Laboratory mesocosm studies of Fe, Al, Mn, Ca, and Mg dynamics in wetlands exposed to synthetic acid coal mine drainage.
To evaluate the potential for constructed wetlands to treat acid coal mine drainage, six model wetland mesocosms (each 2.4 mx15 cm) were filled with Sphagnum peat (15 cm deep), planted either with cattails (Typha latifolia) and living Sphagnum, living Sphagnum only, or left as bare peat (2 mesocosms per treatment). The model wetlands were exposed to synthetic acid coal mine drainage (pH 3.5, concentrations of Fe2+, Al3+, Mn2*, Ca2+, and Mg2+ of 78.8, 10.0, 5.2, 12.0, and 4.5 mg L-1, respectively) at a rate of 90 mL min-1, 6 hr d-1, 5 d wk-1, over a 16 week period. Chemical analysis of peat at periodic intervals indicated that the model wetlands were net sources of Al3+, Mn2+ Ca2+ and Mg2+, but net sinks for Fe2+. Type of vegetation had no significant effect on Fe2+ retention; of the 204 g of Fe2+ added to the model wetland systems, 162 g were retained. Formation of Fe oxides accounted for 73 to 86% of the Fee' retention, with exchangeable Fe contributing 0.2 to 1.2%, organically bound Fe contributing 4 to 19%, and residual Fe contributing 7 to 15% of total Fee' retention. Fe retention was greatest at the inflow ends of the model wetlands where Fe retention appeared to reach saturation at a final Fe concentration in the peat of 235 mg g-1. At the rate of application of the synthetic acid mine drainage, we estimated that the model wetland systems would have reached complete Fe saturation after 157 days. We suggest that the mesocosm approach could be useful in generating site-specific data that can be applied to the formulation of cost-benefit analyses that can compare a proposed wetland treatment system with alternative conventional chemical methods for treating acid mine drainage.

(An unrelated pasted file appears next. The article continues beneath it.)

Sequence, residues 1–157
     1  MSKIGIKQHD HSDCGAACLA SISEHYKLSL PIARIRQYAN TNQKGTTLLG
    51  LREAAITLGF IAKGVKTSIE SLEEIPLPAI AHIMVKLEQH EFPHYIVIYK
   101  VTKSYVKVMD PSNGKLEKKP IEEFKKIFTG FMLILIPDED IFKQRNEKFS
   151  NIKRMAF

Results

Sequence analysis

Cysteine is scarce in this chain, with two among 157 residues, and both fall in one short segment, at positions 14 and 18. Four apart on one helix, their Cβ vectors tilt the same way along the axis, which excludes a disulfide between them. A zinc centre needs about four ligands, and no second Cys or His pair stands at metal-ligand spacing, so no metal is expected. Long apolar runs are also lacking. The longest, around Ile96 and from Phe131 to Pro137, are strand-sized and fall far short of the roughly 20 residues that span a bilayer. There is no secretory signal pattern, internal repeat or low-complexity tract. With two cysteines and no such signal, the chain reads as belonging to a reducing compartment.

|Main Author:||Wieder, R Kelman.|
|Other Authors:||Linton, Marianne., Heston, Katherine.|